Solal Flu Bacteris – ASA ruling

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Posted 15 November 2012

A consumer lodged a complaint against the Solal’s advertisement appearing in the 15th edition of the 2012 Health Intelligence Magazine (HI mag). The advertisement is headed “Flu bacteria is linked to chronic fatigue, allergies and immune system disorders”.

The complainant argued that the advertisement is inaccurate in suggesting that flu is caused by bacteria. 

Influenza is caused by viruses, and not bacteria, and antibiotics do not treat viruses. (One would have expected the doctors and pharmacists at Solal and the editorial advisory board of HI mag (a ‘masked’ Solal publication) to have a better knowledge of science)

 The ASA ruled against Solal.

Solal Flu Bacteris / R Jobson / 20511
Ruling of the : ASA Directorate
In the matter between:
Professor Roy Jobson Complainant(s)/Appellant(s)
Solal Technologies (Pty) Ltd Respondent

14 Nov 2012

http://www.asasa.org.za/ResultDetail.aspx?Ruling=6318

Professor Jobson lodged a consumer complaint against the respondent’s print advertisement appearing in the 15th edition of the 2012 Health Intelligence Magazine.

The advertisement is headed “Flu bacteria is linked to chronic fatigue, allergies and immune system disorders”. It adds that “Recovery after flu may not be true ‘recovery’ at all; it could come with some long-term unintended health consequences”.

Directly below this, it states:

“Most people presume that upper respiratory tract infections during winter are always transient and trivial, and that a simple course of antibiotics will treat infections. This is not always the case. A class of bacteria known as mycoplasma, one of the most common causes of pneumonia chest infections, can migrate around the body and infect immune system cells, heart tissue and brain cells. Known as stealth pathogens they can live for years, undetected in your cells, and are associated with a number of chronic health problems, such as asthma, arthritis, heart damage, chronic fatigue syndrome and a weakened immune system.

Prevention is better than cure, it is important to protect your family’s immune system throughout the winter months so that infection doesn’t occur in the first place …”

Following this, it promotes the respondent’s “ImmunityTM” product for “Use throughout the winter months (starting around May) and “Natural Antibiotic & Antiviral/Flu Formula” for “Use if you feel a cold starting”.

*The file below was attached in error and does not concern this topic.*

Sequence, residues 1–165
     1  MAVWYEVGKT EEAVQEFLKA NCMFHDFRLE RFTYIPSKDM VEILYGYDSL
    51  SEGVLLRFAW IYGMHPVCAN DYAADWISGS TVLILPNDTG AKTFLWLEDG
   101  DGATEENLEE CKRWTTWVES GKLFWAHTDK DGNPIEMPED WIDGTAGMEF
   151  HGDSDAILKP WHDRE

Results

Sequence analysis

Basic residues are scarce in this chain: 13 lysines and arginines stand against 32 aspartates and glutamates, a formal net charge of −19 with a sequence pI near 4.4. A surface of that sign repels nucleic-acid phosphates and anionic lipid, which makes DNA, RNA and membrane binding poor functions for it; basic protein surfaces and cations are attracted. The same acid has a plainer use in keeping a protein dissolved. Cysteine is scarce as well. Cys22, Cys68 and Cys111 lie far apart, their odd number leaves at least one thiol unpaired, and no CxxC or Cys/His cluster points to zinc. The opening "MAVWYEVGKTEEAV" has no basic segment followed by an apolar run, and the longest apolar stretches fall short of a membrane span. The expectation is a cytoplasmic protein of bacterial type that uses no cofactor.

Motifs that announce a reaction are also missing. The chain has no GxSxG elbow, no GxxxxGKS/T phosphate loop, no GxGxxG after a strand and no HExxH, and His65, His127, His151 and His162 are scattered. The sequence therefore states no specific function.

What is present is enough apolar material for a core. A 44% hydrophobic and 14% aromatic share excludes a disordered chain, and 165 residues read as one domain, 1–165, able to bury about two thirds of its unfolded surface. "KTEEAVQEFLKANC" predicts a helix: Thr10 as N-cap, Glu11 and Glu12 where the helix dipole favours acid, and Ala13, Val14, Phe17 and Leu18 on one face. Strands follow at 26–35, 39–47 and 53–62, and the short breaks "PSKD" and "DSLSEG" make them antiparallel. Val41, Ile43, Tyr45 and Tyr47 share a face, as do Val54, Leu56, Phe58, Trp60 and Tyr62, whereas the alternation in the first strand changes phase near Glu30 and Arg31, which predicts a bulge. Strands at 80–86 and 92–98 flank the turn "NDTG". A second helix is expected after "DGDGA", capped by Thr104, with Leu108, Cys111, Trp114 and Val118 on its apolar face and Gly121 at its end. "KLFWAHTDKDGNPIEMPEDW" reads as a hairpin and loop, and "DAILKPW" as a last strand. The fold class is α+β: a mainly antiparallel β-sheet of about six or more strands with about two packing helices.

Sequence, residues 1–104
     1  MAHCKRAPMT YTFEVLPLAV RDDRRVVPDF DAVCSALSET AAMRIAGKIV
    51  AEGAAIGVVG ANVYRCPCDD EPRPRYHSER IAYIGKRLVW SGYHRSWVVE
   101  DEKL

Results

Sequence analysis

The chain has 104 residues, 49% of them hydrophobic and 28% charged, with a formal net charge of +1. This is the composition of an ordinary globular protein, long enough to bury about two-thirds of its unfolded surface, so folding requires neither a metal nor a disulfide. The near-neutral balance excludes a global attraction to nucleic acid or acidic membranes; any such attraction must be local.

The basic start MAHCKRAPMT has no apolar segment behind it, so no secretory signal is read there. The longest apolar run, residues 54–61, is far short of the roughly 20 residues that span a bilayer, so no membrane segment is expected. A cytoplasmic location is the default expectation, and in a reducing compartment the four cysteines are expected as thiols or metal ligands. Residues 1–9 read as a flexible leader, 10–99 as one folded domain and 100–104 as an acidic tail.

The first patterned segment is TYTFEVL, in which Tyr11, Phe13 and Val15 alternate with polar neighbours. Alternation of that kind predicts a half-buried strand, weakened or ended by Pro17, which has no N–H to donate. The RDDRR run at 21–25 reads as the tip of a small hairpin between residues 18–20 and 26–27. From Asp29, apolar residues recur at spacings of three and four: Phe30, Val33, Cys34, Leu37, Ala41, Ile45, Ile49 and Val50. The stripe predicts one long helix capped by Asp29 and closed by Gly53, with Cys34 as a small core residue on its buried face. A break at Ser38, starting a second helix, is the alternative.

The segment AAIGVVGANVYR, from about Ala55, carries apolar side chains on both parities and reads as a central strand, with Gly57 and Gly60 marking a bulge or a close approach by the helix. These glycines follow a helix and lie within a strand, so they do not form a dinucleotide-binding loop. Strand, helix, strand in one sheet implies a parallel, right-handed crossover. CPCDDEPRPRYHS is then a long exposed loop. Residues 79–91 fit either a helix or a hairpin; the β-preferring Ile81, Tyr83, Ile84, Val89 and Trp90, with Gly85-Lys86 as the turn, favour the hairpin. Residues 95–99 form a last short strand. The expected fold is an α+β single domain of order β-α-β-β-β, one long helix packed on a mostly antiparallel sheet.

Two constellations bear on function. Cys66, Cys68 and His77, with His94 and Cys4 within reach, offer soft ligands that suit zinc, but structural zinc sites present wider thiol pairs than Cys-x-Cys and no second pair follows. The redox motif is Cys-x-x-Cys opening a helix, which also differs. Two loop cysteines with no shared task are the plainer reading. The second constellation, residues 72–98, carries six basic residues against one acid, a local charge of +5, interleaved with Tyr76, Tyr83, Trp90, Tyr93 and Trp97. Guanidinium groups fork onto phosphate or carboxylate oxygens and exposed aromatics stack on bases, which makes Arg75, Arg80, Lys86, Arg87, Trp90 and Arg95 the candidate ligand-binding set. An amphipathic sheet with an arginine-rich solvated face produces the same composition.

It also features an image of a woman holding a pair of tissues at her face, with the following words superimposed on them:

• “ARTHRITIS”
• “BACTERIA”
• “ASTHMA”
• “HEART DAMAGE”
• “ALLERGIES”

COMPLAINT
The complainant argued that the advertisement is inaccurate in suggesting that flu is caused by bacteria. Influenza is caused by viruses, and not bacteria, and antibiotics do not treat viruses. The complainant added that there are new classes of antiviral antibiotics available (such as Antiretroviral drugs), but these are not generally understood to be antibiotics. The complainant added that the common cold is also caused by a virus, and not by bacteria as suggested, and this virus is different from the type that causes influenza. It is therefore medically impossible to have substantiation for the claims that flu is caused by bacteria, or any of the related bacteria claims.

The complainant added that “Mycoplasma Pneumonia” as referred to in the advertisement, is usually associated with Pneumonia, which is a lower respiratory tract infection, and not an upper respiratory tract infection like flu. He added that there is no evidence available that the microorganisms known as “Mycoplasma” are able to “migrate around the body” causing a variety of symptoms.

The complainant took issue with the relevant ingredients and claims made for those ingredients for each of the two products promoted (“ImmunityTM” and “Natural Antibiotic & Antiviral/Flu Formula” arguing that there is no evidence in scientific literature that shows that these products, or even products with the exact same active and inactive ingredients have any preventative or curative effects in humans against flu or even flu-like symptoms.